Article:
So which is better?  Competition or cooperation?

Here’s a BIG reminder — whenever you get a “forced choice” question, stop and challenge any implied assumptions of the question.

I’ve made this point before (and here is a good article on the topic), but it is important enough that it bears repeating — when given an “either-or” choice, stop and consider if there is a “both” response or an “and” response that is more appropriate.  Here is a critical point from the linked article:

as we meet basic needs and free ourselves to evolve to higher ways of seeing and showing up in the world, we become more aware of how things are connected….we transcend either-or kind of thinking….but….and this is a very “big but”….such either-or thinking is always still included within who we are.  We can choose how to see the world.”

So, there are moments that when faced with 2 choices, one is clearly better given the circumstances and should be chosen…..and there are times that may better be served by seeking some third path.  Not giving in to “always choosing one” or “not always choosing one” but recognizing that there are occasions that one path or the other is better is a good example of transcending either-or thinking.

Yet there are easy traps for us to fall into—-which is better? To be rich or to be poor?  Most would choose rich in our current culture….but there are some disadvantages to being rich (for example, you become consumed with maintaining your wealth and spend all of your time working at it, not leaving time or mental energy to relax and “feel free”)…..and there are times that being poor has its advantages (frees you from certain cultural trappings of wealth maintenance and “being owned by your possessions”)……and, of course, there are advantages to being neither rich nor poor but rather somewhere in the middle where you can meet basic needs but not be consumed by money.  In such judgment situations as to which is better, the answer is often “it depends”.

Which brings me back to “competition vs. cooperation”.  Frequently I write here about the importance of creating a world that works for all, where all people have their basic needs met and are free to pursue their dreams, their passion, their life purpose.  In describing such a world, I often say something like “we transcend competition and move to higher levels of cooperation.”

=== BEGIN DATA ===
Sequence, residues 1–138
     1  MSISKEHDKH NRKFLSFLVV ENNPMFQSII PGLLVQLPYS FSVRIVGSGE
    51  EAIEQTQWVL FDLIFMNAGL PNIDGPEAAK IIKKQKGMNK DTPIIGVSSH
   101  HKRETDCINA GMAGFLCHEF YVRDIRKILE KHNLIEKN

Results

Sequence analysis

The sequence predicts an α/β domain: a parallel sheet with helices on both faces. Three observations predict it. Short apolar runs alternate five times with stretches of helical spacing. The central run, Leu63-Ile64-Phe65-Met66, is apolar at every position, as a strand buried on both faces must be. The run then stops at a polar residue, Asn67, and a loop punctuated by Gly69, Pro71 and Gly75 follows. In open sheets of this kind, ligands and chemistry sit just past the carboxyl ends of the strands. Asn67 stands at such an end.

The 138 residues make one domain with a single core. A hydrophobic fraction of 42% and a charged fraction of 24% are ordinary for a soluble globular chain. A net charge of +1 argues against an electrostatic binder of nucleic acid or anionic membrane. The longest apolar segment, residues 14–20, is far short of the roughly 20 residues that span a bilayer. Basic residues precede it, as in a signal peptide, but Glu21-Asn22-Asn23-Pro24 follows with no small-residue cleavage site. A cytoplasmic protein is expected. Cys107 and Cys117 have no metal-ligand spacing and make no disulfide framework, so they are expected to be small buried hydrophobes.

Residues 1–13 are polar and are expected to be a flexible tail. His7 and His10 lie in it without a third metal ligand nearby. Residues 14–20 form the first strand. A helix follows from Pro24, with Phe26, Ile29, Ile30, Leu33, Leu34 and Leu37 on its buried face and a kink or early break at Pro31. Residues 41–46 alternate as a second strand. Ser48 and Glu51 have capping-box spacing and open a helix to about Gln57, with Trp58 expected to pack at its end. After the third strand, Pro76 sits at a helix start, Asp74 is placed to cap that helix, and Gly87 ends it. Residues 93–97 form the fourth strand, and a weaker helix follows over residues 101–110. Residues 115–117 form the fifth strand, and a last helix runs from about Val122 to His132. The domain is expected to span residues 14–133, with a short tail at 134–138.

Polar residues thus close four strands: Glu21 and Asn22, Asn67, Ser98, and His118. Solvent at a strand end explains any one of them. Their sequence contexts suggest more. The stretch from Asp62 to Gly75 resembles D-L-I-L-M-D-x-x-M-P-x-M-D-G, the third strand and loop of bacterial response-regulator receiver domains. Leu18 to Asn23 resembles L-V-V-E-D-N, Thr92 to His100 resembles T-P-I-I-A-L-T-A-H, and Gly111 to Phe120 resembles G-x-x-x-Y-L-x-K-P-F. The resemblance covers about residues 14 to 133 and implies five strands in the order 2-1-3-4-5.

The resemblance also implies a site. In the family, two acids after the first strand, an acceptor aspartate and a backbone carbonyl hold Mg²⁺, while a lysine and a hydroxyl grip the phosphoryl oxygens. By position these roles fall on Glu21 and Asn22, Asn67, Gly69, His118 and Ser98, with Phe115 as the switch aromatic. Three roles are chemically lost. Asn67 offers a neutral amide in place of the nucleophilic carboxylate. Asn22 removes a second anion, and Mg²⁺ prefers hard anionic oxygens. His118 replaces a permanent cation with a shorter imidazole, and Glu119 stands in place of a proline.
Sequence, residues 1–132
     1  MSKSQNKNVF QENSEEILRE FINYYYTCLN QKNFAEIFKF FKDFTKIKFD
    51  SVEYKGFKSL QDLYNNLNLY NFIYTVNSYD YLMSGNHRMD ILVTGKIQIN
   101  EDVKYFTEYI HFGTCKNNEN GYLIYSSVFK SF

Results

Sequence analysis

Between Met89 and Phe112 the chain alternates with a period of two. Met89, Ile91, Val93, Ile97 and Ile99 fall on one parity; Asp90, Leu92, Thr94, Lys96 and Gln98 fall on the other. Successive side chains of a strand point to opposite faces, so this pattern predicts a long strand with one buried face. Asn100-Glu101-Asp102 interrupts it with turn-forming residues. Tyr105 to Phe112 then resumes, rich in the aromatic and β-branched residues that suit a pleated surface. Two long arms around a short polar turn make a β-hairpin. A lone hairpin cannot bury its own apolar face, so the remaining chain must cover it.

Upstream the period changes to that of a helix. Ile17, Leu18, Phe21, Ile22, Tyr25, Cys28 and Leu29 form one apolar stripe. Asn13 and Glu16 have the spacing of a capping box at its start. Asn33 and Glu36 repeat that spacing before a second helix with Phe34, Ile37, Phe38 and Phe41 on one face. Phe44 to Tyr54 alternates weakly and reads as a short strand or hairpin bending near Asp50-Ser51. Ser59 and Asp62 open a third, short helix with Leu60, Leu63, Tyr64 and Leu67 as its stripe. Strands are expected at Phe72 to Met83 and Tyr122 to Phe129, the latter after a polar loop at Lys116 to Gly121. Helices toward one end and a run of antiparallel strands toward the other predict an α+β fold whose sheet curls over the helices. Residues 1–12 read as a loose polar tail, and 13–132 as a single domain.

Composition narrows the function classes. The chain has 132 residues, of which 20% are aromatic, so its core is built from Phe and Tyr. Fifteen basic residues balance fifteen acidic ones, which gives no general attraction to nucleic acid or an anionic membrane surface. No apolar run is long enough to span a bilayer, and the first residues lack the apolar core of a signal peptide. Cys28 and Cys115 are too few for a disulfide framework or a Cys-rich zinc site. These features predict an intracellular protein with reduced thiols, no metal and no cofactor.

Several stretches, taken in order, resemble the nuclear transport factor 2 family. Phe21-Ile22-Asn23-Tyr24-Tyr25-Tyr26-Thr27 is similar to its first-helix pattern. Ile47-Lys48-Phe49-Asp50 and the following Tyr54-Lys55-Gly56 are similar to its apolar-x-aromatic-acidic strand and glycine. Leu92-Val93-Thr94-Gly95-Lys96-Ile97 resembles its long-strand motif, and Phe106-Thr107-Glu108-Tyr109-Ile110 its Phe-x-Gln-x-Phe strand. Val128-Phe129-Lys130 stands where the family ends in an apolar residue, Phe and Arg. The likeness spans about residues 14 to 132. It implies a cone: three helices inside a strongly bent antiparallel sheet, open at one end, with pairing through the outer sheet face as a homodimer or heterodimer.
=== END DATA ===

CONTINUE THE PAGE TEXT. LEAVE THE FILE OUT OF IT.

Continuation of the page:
Yet to “transcend” something does not mean to “get rid” of it.  In the words of Ken Wilber, our evolutionary path is one of “transcending and including“.  We move beyond a limitation created by our total reliance on one human tool, but we keep the tool in our toolbox for when it may be the appropriate one to use.

Hence, in a world that works for all, we would still have competition, especially when competition is the best tool to use for whatever it is that we need to accomplish.  The problem is that in our current world, there is so much of an emphasis on competition that we frequently ignore cooperation when it is the better response.  And, any worldview that has at its core that we are each distinct individuals separate and apart from one another who are in a battle for “survival of the fittest” has by its nature an over emphasis on competition. Hence, I may stress occasionally the need to move beyond competition.  However, we should always remember that there will always be times in our existence when competition may be the best response.

Barry Johnson in his book Polarity Management writes, “Because the two sides of a polarity are interdependent, you cannot choose one as a ‘solution’ and neglect the other.  The objective…is to get the best of both opposites while avoiding the limits of each”.

Steve McIntosh in his book The Presence of the Infinite writes, “post-modernists often view the polarity of competition and cooperation as a problem that requires competition to be lessened and cooperation to be increased. While many problematic situations can indeed be improved through greater cooperation, the attempt to eliminate all competitive tension usually results in the stifling of individual initiative and the drive for comparative excellence.”

I agree. Looking at it another way using Maslow’s hierarchy….although we may move to higher needs of self actualization and self transcendence where we lessen our desires for meeting ego driven needs and are motivated more by a desire to be of service to others and the greater good….if those needs we have previously met and transcended become unmet (such as our self esteem needs which may be in part driven by a degree of comparison with others), then we may not be able to stay focused upon those higher needs.  We may need to slide back and forth between competition and cooperation as needed.

So which is better — competition or cooperation?  In a world that works for all, we avoid having to always choose one path or the other and instead use all of the tools available to us in a given situation, matching the one that will serve us best in the moment.  In a world that works for all, we can live in the dynamic tension of knowing that things don’t always have to be one way or the other.

Mark Gilbert


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